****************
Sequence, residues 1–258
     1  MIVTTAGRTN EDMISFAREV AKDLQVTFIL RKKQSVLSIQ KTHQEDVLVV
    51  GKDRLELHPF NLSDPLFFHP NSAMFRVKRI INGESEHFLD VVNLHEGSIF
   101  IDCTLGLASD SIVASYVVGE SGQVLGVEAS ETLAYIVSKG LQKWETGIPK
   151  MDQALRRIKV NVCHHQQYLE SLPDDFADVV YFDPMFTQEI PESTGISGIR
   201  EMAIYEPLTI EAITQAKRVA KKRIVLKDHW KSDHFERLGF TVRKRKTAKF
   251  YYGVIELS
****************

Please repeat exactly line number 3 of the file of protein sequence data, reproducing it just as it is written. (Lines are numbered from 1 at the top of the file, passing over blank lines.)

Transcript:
    51  GKDRLELHPF NLSDPLFFHP NSAMFRVKRI INGESEHFLD VVNLHEGSIF